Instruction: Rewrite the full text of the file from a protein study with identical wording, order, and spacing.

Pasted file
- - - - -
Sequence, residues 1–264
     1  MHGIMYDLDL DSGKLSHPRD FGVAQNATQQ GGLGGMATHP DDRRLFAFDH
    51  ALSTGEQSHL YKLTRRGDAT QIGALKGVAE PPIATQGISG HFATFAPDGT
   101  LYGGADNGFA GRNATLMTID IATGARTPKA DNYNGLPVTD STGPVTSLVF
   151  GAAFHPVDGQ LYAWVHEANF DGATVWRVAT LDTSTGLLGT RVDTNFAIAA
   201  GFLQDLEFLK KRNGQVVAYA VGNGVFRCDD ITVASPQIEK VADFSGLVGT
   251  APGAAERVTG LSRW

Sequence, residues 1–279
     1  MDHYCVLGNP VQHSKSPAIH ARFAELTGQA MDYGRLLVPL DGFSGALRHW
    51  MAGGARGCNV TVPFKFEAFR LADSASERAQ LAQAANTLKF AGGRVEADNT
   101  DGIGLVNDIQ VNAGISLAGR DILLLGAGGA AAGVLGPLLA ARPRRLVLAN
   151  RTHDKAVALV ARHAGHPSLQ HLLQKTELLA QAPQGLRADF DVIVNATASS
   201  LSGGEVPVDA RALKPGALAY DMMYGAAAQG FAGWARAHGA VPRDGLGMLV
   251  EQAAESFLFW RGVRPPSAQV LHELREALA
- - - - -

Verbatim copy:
Sequence, residues 1–264
     1  MHGIMYDLDL DSGKLSHPRD FGVAQNATQQ GGLGGMATHP DDRRLFAFDH
    51  ALSTGEQSHL YKLTRRGDAT QIGALKGVAE PPIATQGISG HFATFAPDGT
   101  LYGGADNGFA GRNATLMTID IATGARTPKA DNYNGLPVTD STGPVTSLVF
   151  GAAFHPVDGQ LYAWVHEANF DGATVWRVAT LDTSTGLLGT RVDTNFAIAA
   201  GFLQDLEFLK KRNGQVVAYA VGNGVFRCDD ITVASPQIEK VADFSGLVGT
   251  APGAAERVTG LSRW

Sequence, residues 1–279
     1  MDHYCVLGNP VQHSKSPAIH ARFAELTGQA MDYGRLLVPL DGFSGALRHW
    51  MAGGARGCNV TVPFKFEAFR LADSASERAQ LAQAANTLKF AGGRVEADNT
   101  DGIGLVNDIQ VNAGISLAGR DILLLGAGGA AAGVLGPLLA ARPRRLVLAN
   151  RTHDKAVALV ARHAGHPSLQ HLLQKTELLA QAPQGLRADF DVIVNATASS
   201  LSGGEVPVDA RALKPGALAY DMMYGAAAQG FAGWARAHGA VPRDGLGMLV
   251  EQAAESFLFW RGVRPPSAQV LHELREALA